04.3.170; L. 5 1/4 in. (13.3 cm); W. 3 3/8 in. (8.6 cm); Diam. of rowel 2 in. (5.1 cm); Wt. 3.2 oz. (90.7 g); 04.3.171; L. 5 1/4 in. (13.3 cm); W. 3 1/4 in. (8.3 cm); Diam. of rowel 2 1/16 in. (5.2 cm); Wt. 3.2 oz. (90.7 g)
Rogers Fund, 1904
Not on view
This pair of rowel spurs, gilded overall, is richly adorned with an etched and enameled decoration, featuring flowers, leaves, and trophies of arms. Even the inside of the branches is etched with vegetal scrolls and a grotesque mask on the heel. This type of decoration matches some armors made in France in the early 17th century.
In the first half of the 17th century, the fashion trend for gentlemen was to wear boots and spurs even in non-riding circumstances, including for dancing or walking around at court. Spurs became then more than equestrian tools, but pieces of male jewelry often enriched by the same goldsmiths also working on armor and weapons. Their decoration was sometimes intended to match the sword hilt and the general outfit and horse tack of their owner. These trendy accessories were also a significant mark of status for gentlemen, sometimes nonetheless copied by the bourgeoisie. This fashion progressively disappeared after the mid 17th century.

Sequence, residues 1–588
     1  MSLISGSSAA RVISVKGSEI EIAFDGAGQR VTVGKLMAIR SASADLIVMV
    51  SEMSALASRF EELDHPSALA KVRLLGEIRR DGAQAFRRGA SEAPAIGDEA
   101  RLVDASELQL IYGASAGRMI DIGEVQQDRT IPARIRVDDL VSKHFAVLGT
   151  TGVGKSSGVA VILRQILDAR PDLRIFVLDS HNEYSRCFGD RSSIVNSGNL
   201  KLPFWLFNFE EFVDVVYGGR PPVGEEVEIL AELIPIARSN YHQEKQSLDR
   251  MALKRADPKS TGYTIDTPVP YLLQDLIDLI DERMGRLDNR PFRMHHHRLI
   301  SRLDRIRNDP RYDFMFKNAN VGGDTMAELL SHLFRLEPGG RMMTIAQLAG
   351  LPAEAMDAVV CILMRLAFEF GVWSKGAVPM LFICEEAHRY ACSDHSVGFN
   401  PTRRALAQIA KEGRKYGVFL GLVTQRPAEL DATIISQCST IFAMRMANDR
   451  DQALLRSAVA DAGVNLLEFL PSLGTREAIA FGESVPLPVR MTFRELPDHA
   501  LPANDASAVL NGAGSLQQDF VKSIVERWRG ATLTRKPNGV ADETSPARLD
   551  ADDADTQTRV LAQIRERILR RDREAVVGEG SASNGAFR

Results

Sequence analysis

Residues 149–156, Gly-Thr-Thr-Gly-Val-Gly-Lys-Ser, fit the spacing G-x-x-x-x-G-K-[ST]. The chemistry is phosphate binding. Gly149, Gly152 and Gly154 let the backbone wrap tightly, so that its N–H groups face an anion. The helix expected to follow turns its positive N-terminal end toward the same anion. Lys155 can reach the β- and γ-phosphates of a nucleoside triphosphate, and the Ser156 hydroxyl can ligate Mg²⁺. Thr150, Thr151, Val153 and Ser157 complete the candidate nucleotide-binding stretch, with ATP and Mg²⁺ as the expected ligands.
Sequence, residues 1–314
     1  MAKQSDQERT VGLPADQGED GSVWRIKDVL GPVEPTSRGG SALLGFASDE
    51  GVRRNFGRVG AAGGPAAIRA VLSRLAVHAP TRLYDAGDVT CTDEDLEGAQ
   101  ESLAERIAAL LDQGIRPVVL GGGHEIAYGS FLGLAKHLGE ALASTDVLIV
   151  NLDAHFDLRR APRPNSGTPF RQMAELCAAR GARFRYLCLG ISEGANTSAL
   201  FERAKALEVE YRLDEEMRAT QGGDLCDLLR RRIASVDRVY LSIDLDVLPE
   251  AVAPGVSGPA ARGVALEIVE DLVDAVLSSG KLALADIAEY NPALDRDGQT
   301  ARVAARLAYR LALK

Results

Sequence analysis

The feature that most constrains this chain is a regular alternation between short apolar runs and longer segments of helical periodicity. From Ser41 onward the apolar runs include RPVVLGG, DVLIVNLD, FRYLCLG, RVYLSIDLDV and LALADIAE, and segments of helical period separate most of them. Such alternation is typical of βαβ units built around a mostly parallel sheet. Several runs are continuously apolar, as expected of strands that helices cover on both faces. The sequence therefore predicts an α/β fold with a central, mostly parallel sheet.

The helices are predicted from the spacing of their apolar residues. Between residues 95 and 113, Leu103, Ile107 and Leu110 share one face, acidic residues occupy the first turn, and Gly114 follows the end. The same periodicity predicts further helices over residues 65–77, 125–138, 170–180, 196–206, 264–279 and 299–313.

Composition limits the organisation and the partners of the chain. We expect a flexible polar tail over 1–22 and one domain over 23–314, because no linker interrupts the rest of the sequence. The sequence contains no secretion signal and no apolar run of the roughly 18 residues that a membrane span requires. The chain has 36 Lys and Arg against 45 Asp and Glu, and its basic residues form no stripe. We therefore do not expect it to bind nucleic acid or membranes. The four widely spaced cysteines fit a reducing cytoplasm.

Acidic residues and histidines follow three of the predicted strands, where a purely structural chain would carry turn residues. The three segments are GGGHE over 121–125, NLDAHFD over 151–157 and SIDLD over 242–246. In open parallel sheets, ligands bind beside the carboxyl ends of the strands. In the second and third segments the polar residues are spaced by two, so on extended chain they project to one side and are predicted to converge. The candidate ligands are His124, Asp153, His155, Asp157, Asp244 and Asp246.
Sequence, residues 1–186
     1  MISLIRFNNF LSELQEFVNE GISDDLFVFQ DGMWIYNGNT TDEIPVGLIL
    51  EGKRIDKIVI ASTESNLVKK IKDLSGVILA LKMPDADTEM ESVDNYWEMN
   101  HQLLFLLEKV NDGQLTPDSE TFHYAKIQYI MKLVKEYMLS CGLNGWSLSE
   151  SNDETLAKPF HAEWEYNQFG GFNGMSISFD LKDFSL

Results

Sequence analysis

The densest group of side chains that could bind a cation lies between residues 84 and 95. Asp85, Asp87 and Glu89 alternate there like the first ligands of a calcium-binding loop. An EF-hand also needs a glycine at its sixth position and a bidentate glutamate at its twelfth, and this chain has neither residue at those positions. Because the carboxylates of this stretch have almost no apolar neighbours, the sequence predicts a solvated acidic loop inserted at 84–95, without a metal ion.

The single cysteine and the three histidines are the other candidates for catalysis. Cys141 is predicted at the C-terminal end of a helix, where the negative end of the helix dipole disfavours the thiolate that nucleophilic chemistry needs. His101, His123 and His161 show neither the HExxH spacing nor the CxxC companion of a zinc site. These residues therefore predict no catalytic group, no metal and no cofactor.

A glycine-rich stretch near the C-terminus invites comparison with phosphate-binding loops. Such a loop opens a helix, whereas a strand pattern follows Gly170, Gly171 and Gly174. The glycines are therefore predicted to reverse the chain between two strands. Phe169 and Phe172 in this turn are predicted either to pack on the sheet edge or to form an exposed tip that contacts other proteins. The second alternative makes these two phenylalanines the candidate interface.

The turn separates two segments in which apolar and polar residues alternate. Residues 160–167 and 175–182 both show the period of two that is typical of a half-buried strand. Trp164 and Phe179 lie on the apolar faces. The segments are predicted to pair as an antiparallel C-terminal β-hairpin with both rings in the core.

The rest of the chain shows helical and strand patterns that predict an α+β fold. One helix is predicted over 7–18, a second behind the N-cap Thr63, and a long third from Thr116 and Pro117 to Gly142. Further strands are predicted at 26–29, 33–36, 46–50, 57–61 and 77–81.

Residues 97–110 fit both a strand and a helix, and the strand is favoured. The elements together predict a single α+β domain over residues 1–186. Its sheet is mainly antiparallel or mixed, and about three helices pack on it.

Maurice de Talleyrand-Périgord, Duc de Dino
Louisville. J. B. Speed Art Museum. "A Loan Exhibition of Equestrian Equipment from the Metropolitan Museum of Art," May 4–July 3, 1955.
Grancsay, Stephen V. Loan Exhibition of Mediaeval and Renaissance Arms and Armor from the Metropolitan Museum of Art. Los Angeles: Los Angeles County Museum of Art, 1953. p. 17, no. 40.
Grancsay, Stephen V. A Loan Exhibition of Equestrian Equipment from the Metropolitan Museum of Art: Catalogue. Louisville, Ky.: Speed Art Museum, 1955. no. 97, ill. (04.3.170).
Artist: Part of the decoration design by Jean Cousin the Elder (French, Souci (?) ca. 1490–ca. 1560 Paris (?))Date: ca. 1555Medium: Steel, gold, silver, leather, textileAccession: 39.121a–nOn view in:Gallery 374